Millions to boost South Africa’s 2010 legacy

The trust is expected to result in better
football fields in rural areas.

President Jacob Zuma and Fifa’s Sepp
Blatter want to see the trust bearing fruit.

Safa has received 36 buses from Fifa.

Magnificent stadia are part of the World
Cup’s legacy.
(Images: Bongani Nkosi)

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Bongani Nkosi

The legacy of the 2010 Fifa World Cup will live on in South Africa through a R545-million (US$80-million) trust set up by the football governing body.

Fifa unveiled the 2010 Fifa World Cup Legacy Trust at FNB stadium in Johannesburg on 13 December. It’s designed to benefit South Africa after the country hosted the world football tournament earlier in the year.

The US$80-million will be allocated to community projects involved in humanitarian activities, education, football development and healthcare.

“We have always said that the first Fifa World Cup on African soil should leave a lasting sports and social legacy once the tournament is over,” said Fifa president Sepp Blatter. “This trust is yet another concrete achievement in this area.”

The trust is proof that the World Cup is not just an event designed to fatten the coffers of Fifa, Blatter said, but one that benefits host nations.

The South African government is upbeat about the trust, which involves it along with Fifa, the South African Football Association (Safa) and private sector individuals as trustees.

President Jacob Zuma said: “We achieved our goals with regards to the successful hosting of the World Cup event. Now remains the difficult but most important task, of ensuring a lasting legacy in both soccer and social development.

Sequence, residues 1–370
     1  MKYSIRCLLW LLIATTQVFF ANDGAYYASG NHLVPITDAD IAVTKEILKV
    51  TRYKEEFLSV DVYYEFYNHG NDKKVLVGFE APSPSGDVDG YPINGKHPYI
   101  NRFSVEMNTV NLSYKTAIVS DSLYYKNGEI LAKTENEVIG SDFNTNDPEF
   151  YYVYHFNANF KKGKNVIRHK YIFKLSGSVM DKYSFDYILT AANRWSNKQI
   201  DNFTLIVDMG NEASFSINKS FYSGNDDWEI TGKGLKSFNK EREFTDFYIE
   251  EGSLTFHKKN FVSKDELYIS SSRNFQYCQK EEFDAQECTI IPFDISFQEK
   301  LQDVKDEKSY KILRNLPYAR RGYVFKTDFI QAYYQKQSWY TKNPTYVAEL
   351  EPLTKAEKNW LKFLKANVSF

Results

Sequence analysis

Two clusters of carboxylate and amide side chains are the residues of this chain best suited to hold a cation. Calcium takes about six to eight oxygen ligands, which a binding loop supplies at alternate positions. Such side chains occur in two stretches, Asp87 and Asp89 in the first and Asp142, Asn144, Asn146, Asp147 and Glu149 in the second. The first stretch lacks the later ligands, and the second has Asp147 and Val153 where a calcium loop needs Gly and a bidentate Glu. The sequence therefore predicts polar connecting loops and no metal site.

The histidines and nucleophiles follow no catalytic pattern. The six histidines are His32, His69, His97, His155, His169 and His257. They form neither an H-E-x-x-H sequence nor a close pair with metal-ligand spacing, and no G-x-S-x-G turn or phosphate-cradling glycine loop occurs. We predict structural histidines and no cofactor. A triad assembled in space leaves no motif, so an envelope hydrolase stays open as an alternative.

“The Fifa World Cup Legacy Trust is an important contribution to the achievement of that goal.”

Money injected into the trust was accrued during the tournament. Although initially valued at R682-million ($100-million), R136-million ($20-million) was allocated to Safa for tournament preparations and building its premises.

Safa also received a fleet of 35 buses and 52 cars that Fifa bought for their World Cup organising team. The buses will be allocated to Safa’s 52 regional structures, which oversee the country’s football activities.

International auditing company Ernst and Young will administer the trust.

The 2010 World Cup drew about 300 000 fans to the country and significantly boosted the economy. Zuma confirmed that the spectacle resulted in GDP growth.

Football in schools

Zuma promised that the government will initiate specific programmes to help the trust bear fruits, especially through football development in rural areas.

South Africa has marked 2011 as the year it will encourage more sport at schools, and the trust’s funds will come in handy for this. “We’re going to involve ourselves in the development of sport in the rural areas,” Zuma said. “We want sport to be reorganised in schools.

“We want to see the revival of school football next year,” added Zuma.

A legacy for Africa

Fifa’s Football for Hope Centres form part of the legacy of hosting the 2010 World Cup in Africa. Football centres will be set up in various African countries through the project.

Two centres have already been built in South Africa’s Alexandra and Khayelitsha townships. There will be 20 such facilities spread out across the continent by 2012.

“The Football for Hope Centres are so successful that they can be replicated all over the world,’ said Blatter.

Lesson for Russia

One lesson that Russia, which will host the 2018 Fifa World Cup, can learn from South Africa is social cohesion, Blatter said. The upcoming tournament has the potential to unite Russia’s more than 70 ethnicities if the country draws lessons from South Africa.

The acclaimed tournament “shall go to new territories” where it will effect social and cultural cohesion, said the Fifa president. Russia and Qatar unexpectedly outbid countries like the US and UK to host the 2018 and 2022 tournaments respectively.

“We’ll never stop speaking about the 2010 Fifa World Cup because it’s a legacy,” said Blatter